Santa María Volcano is part of the Sierra Madre, which extends along the western edge of Guatemala, separated from the Pacific Ocean by a broad plain. The volcanoes are formed by the subduction of the Cocos Plate under the Caribbean Plate.
We had a long lunch stop on the summit watching the views come and go. Then we returned the same way and drove back to the hotel.
Volcán Tajumulco (4220m)
It was now time for the highest of the Guatemalan volcanoes and the highest peak in Central America – Volcán Tajumulco. Tajumulco is also the 24th most prominent peak in the world and an Ultra.
The following morning we had another slow drive to take us even further from Antigua. We spent 3 hours on twisting roads for the 50km. We were taken around to the north side of the mountain to a height of a little under 3000m. The north route is the normal route, but there are routes from the east (from a higher start point) and the south (which presents a much longer proposition).
We only started our climb late morning. Kitbags were loaded on to mules. We first followed a wide, rough 4WD track for four or five kilometres before breaking off on a footpath whilst the mules carried on along the track. We stopped for lunch in a grove of scattered trees seated on scattered logs and rocks. It was pleasantly warm in the sun.
After 30 minutes we started off again. We had rejoined the track. The gradient increased and continued through the trees. The track came to an end at a steepening but now it was not that far. The summit was visible between the branches but we swung around to the left as the way levelled out. We arrived at the campsite.
The mules were already there. So the group set about setting up camp, pitching the tents amongst the trees. In contrast to Toliman and its damp situation, this camp was airy and brighter.
We decided then to climb up Tajumulco’s subsidiary summit, Cerro Concepción . It wasn’t too far above us – perhaps a 20 minute climb. So most of the group were up there before the sun went down. Tajumulco reared up 200 metres higher across a shallow depression. Cloud was largely below us, but also billowed near us without actually covering our top.
I was beginning to get cold and feeling the effects of the altitude so descended before the sun dipped towards the horizon. I wasn’t up to having any dinner so popped some pills and went to bed hoping the slight headache and nausea would disappear by the morning. This was disappointing as I been as high as the camp site on both Acatenango and Santa Maria.
I slept pretty well and by the morning I was fit to go. We had our breakfast in the dark and also set off in the dark at 5am. We were soon clear of the trees ascending a rocky route. The night was cool. Way below I could see the lights of towns.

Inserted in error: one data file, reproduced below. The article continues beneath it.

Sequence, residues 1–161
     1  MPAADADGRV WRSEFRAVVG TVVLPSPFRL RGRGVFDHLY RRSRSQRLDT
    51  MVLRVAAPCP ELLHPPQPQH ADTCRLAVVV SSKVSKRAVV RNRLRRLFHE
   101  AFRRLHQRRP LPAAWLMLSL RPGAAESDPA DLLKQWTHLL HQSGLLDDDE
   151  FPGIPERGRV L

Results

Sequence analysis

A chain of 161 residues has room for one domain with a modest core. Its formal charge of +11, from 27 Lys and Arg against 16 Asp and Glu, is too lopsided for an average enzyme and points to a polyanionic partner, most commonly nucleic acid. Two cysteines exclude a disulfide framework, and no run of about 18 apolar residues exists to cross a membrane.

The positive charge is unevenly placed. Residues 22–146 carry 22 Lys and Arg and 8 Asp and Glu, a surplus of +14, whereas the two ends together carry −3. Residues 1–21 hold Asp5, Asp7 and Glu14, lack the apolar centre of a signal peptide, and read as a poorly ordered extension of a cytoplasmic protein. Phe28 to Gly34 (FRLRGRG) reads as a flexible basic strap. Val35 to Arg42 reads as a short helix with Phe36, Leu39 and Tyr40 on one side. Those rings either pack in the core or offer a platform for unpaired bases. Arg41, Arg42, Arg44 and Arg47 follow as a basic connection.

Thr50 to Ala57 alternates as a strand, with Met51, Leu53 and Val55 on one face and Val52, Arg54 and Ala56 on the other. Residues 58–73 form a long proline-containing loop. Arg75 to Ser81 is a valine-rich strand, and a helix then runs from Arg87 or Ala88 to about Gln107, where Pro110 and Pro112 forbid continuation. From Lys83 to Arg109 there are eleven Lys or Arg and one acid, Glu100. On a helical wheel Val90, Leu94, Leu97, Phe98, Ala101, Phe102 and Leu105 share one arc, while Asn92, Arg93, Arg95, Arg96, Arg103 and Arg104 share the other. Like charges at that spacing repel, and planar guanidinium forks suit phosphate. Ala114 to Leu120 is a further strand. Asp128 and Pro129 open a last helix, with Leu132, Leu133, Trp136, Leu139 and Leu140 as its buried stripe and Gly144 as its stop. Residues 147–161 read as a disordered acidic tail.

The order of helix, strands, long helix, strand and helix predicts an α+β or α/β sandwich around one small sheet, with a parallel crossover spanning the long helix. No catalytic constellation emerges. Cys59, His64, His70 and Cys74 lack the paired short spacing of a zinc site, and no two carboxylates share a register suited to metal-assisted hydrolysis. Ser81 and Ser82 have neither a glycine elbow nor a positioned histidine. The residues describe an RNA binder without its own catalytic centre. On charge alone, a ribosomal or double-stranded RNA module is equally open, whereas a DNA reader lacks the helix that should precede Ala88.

Occasionally we had to use our hands to make progress. The aim was to reach the top for sunrise. This we achieved but we had to wait on the summit for 20 minutes for the sun to breach the horizon. It was cold but worth it for the cloudscape, changing colours, views and the diminutive crater.
Cloud was streaming in from the west well below us and then sinking into a nearby valley looking like a waterfall before dissipating.
There are a couple of candidates for the highest point on the crater rim and I visited them. To the north Montañas Peña Blanca rose near the border with Mexico. Our volcanoes of the previous 10 days ranged in the far distance to the south east, cloud swirling around some.
But it was time to leave. The descent went quickly. Camp was soon dismantled and we descended back to our pick up point. The clouds repeated their waterfall effect.
Some local kids came looking for treats.
By 10am we were on our way. We were going back to Lake Atitlan. We would cross it and go to another town on its fringe – San Pedro de Atitlan. Above this town was our final volcano.
Volcán San Pedro (3020m)
We checked in to our hotel by the water’s edge and relaxed in the sun before going to a nearby restaurant for our meal.
The final one of our Guatemalan volcanoes was to be Volcán San Pedro which loomed above the town.
Part of the climb was relieved by being driven up about 600m in elevation to the National Park boundary. From here we would have over 1200m of height gain. As was normal most of this was in the jungle. About a third of the way up a viewing platform had been constructed with views through the trees out over the lake.
The path, steaming in the warm sun, zig-zagged up easily but steeply. We reached a shelter where a picnic lunch had been laid out for us. At this point, behind the shelter, an unmarked path sneaks off to easily gain the true summit where there is no view. The main and obvious path climbs up to the secondary summit which has great views out over the lake. The true nature of the original ancient caldera can be seen from here. The top of this summit is an awkward scramble up some rocks.
We stayed a while here admiring the views and looking down on to the town of San Pedro.
The descent was rapid. Part way down a few of us indulged in having a go on a swing to which a rubber tyre was attached. We were soon down to the Park Entrance and our transport back to the hotel. Here we again had the opportunity to sit in the sun, look out over the lake and, later, watch the moon rise over the distant shore.
The final full day was all about returning to Antigua – first a ride across the lake, then the slow grind on the Pan American Highway (including a stop for lunch) and, eventually, in the late afternoon back to the San Jorge hotel where we had started. Here we sorted ourselves out for the return home.
In the evening we went out of the city for a final dinner at a restaurant on the side of Volcán de Agua looking down on the city – with the glow of Volcán de Fuego in the distance.
Guatemala is a fascinating place; a mix of cultures; green; full of litter; still early in its tourist development; grand, if fading, colonial cities. A definite place to go therefore – even if not to climb volcanoes!